Partner profitability remains Cisco’s highest priority as it helps partners navigate through the ‘new normal’ business climate.
There is no doubt that the COVID-19 pandemic has shifted the way we all live and work, but there was no reason for the business to change its partner strategy, its senior vice president of global partner organisation, Oliver Tuszik, said.
“Our strategy hasn’t changed, but has rather accelerated and we’re working daily to review the situation and helping our partners. Most partners are concerned about their profitability, and that will remain our highest priority,” he said.
“Together with our partners, we’re focusing on our customers - there are deals, we’re creating pipelines, having joint discussions and we’re winning together. We’re gaining market share in certain areas, we’re focusing on supporting our partners now but also preparing for the future.”
In order to help partners through this climate, Tuszik said Cisco released the pressure on all the certification needs, brought up some flexible programs and added more financing support through Cisco Capital with US$2.5 billion in financing at the centrepiece in April.
“As 90 per cent of our business is run through partners, this helped to free up credit capacity in the market and didn’t leave partners with the challenge of credit lines,” Tuszik said. “We immediately started to build up a team to focus on what this ‘new normal’ will look like, which isn’t only about a new portfolio, but also new ways to work and do business.
“While everyone is talking about what the ‘new normal’ will look like, the fact is, the ‘new normal’ is already here and we’re right in the middle of it.”
As more companies undertook working from home initiatives, Tuszik said Cisco was working in parallel with managing changes and balancing its diverse global supply chain. It created new offers with the first wave focused on working from home, supporting health care and local communities.
He added that COVID-19 brought out how businesses would react and service their distributed teams, which moves towards easy consumption, as-a-service models and shifting companies towards a digital world.
“It’s all about having more flexible infrastructure to react faster with the changing landscape,” Tuszik said. “A couple of weeks into COVID-19 changed company mindsets dramatically. Companies that had agile, secure and flexible systems with state of the art collaboration, had an unfair advantage in these difficult times.”
He also said customer experience was also an important focus.
“Don’t stop after you have sold the product, it’s about the experience and value you create,” Tuszik said. “The partner element in this is always about being unique and expanding it, what creates their edge, which not only makes them profitable, but also creates stickiness to the customer.”
Some of the top things partners were seeking the most from their vendor relationship, he said, was helping their business to survive in the current environment, serve customers and what they need to focus on, once the economy begins to pick up.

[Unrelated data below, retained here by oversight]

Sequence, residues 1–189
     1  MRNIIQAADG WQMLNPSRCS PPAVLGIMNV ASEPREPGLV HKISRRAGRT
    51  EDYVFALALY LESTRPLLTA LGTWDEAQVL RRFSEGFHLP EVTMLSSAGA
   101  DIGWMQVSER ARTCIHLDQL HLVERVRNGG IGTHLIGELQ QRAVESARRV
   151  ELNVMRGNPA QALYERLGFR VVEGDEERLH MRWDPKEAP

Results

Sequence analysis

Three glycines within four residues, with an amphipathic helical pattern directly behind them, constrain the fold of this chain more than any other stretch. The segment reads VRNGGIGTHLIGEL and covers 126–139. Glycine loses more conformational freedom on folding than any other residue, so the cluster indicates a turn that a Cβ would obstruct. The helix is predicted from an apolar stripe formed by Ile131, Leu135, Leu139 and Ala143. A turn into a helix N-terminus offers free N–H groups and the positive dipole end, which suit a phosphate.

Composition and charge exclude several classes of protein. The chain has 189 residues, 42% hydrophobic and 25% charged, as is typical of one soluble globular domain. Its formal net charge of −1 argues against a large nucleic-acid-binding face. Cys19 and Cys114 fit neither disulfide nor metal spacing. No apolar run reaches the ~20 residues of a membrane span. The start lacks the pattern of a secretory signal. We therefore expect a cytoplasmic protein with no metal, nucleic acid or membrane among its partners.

“Every partner is clear that IT will have a better future, we just need to get to the point and be prepared to be part of it,” Tuszik said.
“Partners will continue to see stability, continuity and predictability, which is the most important right now, because a lot of things are unpredictable. We will continue to support our partners with different programs and models during this time, especially in further ramping up the ability to get online training that is free for all partners through our Black Belt Academy.”
During Cisco Live last month, the networking giant made some enhancements to its Business Critical Services (BCS) 3.0 aiming to help partners “sell more services faster, grow business, and differentiate services from the competition.”
These enhancements include the Cisco Commerce Workspace (CCW) tool, which offers tier one partners the ability to manage transactions right from registration, quoting and ordering. Direct ordering will come into effect for tier two partners later this year.
Cisco also created new flexible multi-architecture, single package options for partners within the Essentials and Advantage tiers that are mainly focused on SMEs, governments and cloud providers.
This now allows partners to select a single package and use it across multiple architectures or select an individual package for each architecture, and get the entire number of available packaged capabilities for each of those; or a mix between the two.
For the first time, partners will also have the option to receive analytics and insights from Cisco experts that can be presented to customers.
Further, several improvements have been made to the incentive structure and BCS Essentials and Advantage tier partners can also access early adopter pricing globally.
A new BCS tier, Premier, along with new Add-Ons, were also introduced, but Australians will have to wait until later this year to take advantage of it.
BCS Premier is aimed at large enterprises and service providers set to offer “the right amount of intelligence and guidance, when, where, and how they need it.” BCS Add-Ons aims to plug the skills gap for organisations by tapping into Cisco talent and specialised partners.
The vendor will also be sharing service descriptions, best practices, and delivery templates to enable partners to sell their own brand of Add-Ons, and is looking into a partner-delivered option through a new specialisation in 2021. A new DevNet Specialisation was also revealed for partners with a software development practice.